Mitchell Stabbe, our resident trademark law specialist, today takes his annual look at the legal issues in Super Bowl advertising and promotions (see some of his past articles here, here, and here). Take it away, Mitch:
As a life-long fan of the Baltimore Ravens (the life of the Ravens, not my life), my interest in the Super Bowl XVII has waned a bit. The opposite is true for those who seek to profit from the playing of the game. Accordingly, following are updated guidelines about engaging in or accepting advertising or promotions that directly or indirectly reference the Super Bowl without a license from the NFL. But, first, a trivia question. Who won Super Bowl I. (Answer at end)
The Super Bowl means big bucks.
There are currently four primary television networks that broadcast and stream NFL games in the United States (CBS/Paramount+, Fox, ABC/ESPN/ESPN+ and NBC/Peacock). It is estimated that, with the new contract which took effect this year, each will pay the NFL an average of over $2 billion per year for those rights through 2032, including the right to broadcast the Super Bowl on a rotating basis.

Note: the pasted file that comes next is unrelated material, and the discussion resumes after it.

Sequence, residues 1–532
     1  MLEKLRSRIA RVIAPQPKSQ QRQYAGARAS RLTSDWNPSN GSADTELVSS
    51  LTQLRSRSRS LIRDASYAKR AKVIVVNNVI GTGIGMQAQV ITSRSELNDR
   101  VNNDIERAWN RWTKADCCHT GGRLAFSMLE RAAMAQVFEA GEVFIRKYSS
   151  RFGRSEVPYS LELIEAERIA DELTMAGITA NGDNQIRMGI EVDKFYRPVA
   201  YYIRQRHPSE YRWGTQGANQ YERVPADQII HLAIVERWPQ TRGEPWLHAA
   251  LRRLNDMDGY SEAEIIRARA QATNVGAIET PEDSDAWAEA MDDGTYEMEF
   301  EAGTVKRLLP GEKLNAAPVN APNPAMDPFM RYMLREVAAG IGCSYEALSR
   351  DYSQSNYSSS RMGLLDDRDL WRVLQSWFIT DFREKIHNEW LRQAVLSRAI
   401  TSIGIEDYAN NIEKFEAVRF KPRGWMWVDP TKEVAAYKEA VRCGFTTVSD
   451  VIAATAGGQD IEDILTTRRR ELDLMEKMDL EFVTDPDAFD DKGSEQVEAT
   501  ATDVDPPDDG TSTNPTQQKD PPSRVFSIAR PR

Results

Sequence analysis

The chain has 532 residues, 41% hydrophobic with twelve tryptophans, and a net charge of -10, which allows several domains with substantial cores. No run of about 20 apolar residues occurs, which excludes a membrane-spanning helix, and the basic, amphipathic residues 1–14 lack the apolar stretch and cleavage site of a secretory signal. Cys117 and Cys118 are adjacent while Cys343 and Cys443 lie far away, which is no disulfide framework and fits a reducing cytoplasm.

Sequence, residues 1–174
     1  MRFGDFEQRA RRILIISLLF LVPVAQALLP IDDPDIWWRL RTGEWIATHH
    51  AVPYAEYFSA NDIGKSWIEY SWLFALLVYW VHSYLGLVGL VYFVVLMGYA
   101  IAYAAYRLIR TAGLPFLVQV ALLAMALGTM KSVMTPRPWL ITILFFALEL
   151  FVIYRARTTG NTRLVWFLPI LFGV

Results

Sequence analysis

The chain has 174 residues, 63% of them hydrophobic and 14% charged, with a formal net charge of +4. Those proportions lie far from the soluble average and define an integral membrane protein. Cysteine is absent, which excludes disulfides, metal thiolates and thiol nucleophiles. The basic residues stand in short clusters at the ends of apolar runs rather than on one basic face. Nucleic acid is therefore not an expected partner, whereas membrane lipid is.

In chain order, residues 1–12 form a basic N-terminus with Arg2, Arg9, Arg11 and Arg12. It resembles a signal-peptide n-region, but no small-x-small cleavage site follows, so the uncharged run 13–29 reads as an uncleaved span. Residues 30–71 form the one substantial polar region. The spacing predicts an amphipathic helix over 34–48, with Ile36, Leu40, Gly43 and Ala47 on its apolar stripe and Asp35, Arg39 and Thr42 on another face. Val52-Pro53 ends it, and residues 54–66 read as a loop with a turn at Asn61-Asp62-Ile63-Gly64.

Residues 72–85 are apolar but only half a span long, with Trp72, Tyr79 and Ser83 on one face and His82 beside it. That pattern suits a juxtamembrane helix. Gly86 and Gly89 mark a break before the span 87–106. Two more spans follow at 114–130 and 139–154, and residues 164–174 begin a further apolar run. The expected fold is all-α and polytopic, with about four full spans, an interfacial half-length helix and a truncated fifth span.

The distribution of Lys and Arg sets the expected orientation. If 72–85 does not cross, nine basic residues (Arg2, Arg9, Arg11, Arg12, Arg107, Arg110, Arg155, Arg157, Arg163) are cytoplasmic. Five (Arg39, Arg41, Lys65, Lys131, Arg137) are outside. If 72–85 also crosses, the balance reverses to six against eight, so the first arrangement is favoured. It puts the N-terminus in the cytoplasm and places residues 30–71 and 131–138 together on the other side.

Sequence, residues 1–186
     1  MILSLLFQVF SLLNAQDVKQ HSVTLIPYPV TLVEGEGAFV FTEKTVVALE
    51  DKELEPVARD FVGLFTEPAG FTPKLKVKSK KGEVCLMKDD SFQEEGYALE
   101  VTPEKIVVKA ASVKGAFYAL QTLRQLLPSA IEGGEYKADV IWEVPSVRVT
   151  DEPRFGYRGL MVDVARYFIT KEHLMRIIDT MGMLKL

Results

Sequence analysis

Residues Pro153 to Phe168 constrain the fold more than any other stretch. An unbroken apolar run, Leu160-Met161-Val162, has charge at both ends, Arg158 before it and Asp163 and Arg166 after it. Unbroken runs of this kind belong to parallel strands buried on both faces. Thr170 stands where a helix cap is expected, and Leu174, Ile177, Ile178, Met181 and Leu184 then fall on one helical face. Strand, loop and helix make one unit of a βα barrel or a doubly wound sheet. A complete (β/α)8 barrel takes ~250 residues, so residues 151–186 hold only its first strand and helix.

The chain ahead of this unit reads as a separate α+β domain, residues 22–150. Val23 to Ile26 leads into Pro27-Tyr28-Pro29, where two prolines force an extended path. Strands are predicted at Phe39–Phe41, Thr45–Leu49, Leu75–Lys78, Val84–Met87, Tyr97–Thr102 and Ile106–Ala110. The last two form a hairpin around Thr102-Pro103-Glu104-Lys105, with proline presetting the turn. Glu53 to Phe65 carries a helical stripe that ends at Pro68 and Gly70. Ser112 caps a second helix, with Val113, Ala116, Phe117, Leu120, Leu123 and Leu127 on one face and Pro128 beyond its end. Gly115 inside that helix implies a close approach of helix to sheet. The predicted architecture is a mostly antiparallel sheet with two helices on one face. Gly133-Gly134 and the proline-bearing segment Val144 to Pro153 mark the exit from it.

The investment seems to pay off for the networks. Reportedly, it will cost $7M for a 30-second spot during this year’s Super Bowl broadcast, which is about the same as last year. It has also been reported that last year’s game brought in advertising revenue totaling $600 M (up from $545 M the prior year). These figures do not include income from ads during any pre-game or post-game programming. (In addition to the sums paid to have their commercials aired, some advertisers spend millions of dollars to produce an ad.) In addition, the NFL receives hundreds of millions of dollars from licensing the use of the SUPER BOWL trademark and logo.Continue Reading 2024 Update on Super Bowl Advertising and Promotions